Dell, EMC combination needs to offer product roadmap clarity for CIOs

When the news broke on Thanksgiving Monday that Dell was buying EMC, with the merger being touted as one of the largest in tech history, I had flashbacks to 2002 when HP announced it would be buying Compaq for $25 billion USD.

At the time, my colleagues and I at Computing Canada and put a lot of horsepower into coverage from various angles as HP touted the deal as a platform to become a services powerhouse in the same way IBM had moved away from just being a purveyor of mainframes and PCs.

The synergies that HP hoped to harness by acquiring a rival were never realized, and one can’t help but wonder if the combination of Dell and EMC might meet a similar fate. However, as Dave Pearson, research manager for enterprise storage and networking at IDC Canada said, there are key differences between this mega-merger and HP swallowing up Compaq.

“HP and Compaq immediately had a lot of product lines in competition with each other,” he said, while Dell and EMC’s overlap is less pronounced and is primarily in the enterprise storage arena. “Dell doesn’t have the same breadth of storage as EMC.” This means there will be less product rationalization, and more broadly, there are lines of business that Dell and EMC both participate in, but with different customers and at different levels of IT infrastructure.

Outside of mid-range data storage, said Pearson, each are clear leaders in different areas, and it doesn’t look as though Dell will subsume the EMC brand. In addition, and the EMC Federation has worked well for EMC for years, so Dell will likely be hands-off in that regard, while being sensitive to EMC’s existing relationship with VMware.

“From a technology standpoint having VMware majority-owned by a server company would be the most painful thing for VMware’s partners to accept,” said Pearson. “If the message changes to ‘VMware only really runs on Dell,’ that could poison the well for VMWare’s partners.”

Pearson said the deal will be a boon to Dell’s network, converged and server business, and the combined entity will likely enjoy an increased number of accounts overall. “Dell has a better success rate with integrating acquisitions,” he said. And because of its semi-private nature and leadership, “Dell is in a better position to make hay of this and not be scrutinized as hard as HP.”

The irony is that HP has decided that it needs to be smaller and more agile, while Dell believes it can only compete by getting larger. On the other hand, going private has led to more flexibility for Dell. When it launched Datacenter Scalable Solutions in August, Dell executives said being a privately-held company allowed it to work in stealth mode and respond to what is saw as a growing customer segment in an agile manner.

Mark Peters, senior analyst with Enterprise Strategy Group, also sees very little overlap between the two companies, unlike HP and Compaq, which means the potential better for a combined Dell and EMC. “There are cultural differences between the companies,” he said, and they have worked together in the past – it was noteworthy when they stopped – but they are both smart enough to learn from each other. “If they are to be successful they will learn from each other.”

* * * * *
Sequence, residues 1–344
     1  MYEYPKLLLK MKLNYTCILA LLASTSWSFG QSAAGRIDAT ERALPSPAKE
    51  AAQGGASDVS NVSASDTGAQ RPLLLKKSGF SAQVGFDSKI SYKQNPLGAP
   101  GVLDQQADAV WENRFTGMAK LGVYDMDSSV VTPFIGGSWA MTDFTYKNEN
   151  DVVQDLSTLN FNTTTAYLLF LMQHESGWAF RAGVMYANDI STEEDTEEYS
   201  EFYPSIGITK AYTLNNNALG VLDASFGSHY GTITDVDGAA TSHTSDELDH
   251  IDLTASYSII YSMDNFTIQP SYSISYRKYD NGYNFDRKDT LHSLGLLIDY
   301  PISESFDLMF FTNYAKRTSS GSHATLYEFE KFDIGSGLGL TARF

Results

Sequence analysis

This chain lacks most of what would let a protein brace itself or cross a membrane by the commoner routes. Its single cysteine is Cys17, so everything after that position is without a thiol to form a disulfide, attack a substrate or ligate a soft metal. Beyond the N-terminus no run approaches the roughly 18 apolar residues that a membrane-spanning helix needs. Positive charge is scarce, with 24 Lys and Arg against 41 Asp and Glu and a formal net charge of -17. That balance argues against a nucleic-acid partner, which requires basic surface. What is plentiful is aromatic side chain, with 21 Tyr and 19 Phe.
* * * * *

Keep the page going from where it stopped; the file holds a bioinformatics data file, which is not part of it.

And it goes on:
A lot of discussion, of course, has been about hardware, particularly storage. But what about the cloud? At Oracle’s recent OpenWorld event, it was clear it saw Amazon as the rival, not IBM, HP or Dell. “What EMC and Dell don’t have is a public cloud,” said Peters. “It will be interesting to see if coming together changes that attitude.”

Pearson said Dell and EMC are not playing in the same area as Amazon is when comes to cloud computing. “Where they will be able to play is the hybrid cloud,” he said. “Hybrid cloud is going to be dominant mode for next the five years.” While there a great deal of data going onto the public cloud, it’s not necessarily taking away from the enterprise storage market and the Dell-EMC combination can be the bridge between the enterprise data center and the cloud.

Peters said Dell and EMC need to provide more certainty around its cloud strategy – what are they going to build and what they going to connect to.

Both analysts see a pressing need for Dell and EMC to provide clarity for customers about what product lines will be kept and what will mothballed. While almost every product had an equivalent across the merged HP-Compaq entity, Peters said, the massive overlap isn’t there for Dell and EMC, but it will still need to some culling – Compellant or VNX, for example – even if some similar product sets are run concurrently for several years.

“Canadian CIOs are going to have a lot of hardware, software and services from both of these companies,” said Pearson. “What they need to be asking is what the product roadmap is going to look like.”

Enterprises should be looking at workloads they have, where those workloads are running Dell or EMC and forecast where their business will be in a couple of years’ time. They may lose support on some products in the long term, but for the most part, “it’s not going to cause a huge amount of upset among CIOs dealing with both companies.”

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Gary Hilson
Gary Hilson
Gary Hilson is a Toronto-based freelance writer who has written thousands of words for print and pixel in publications across North America. His areas of interest and expertise include software, enterprise and networking technology, memory systems, green energy, sustainable transportation, and research and education. His articles have been published by EE Times, SolarEnergy.Net, Network Computing, InformationWeek, Computing Canada, Computer Dealer News, Toronto Business Times and the Ottawa Citizen, among others.

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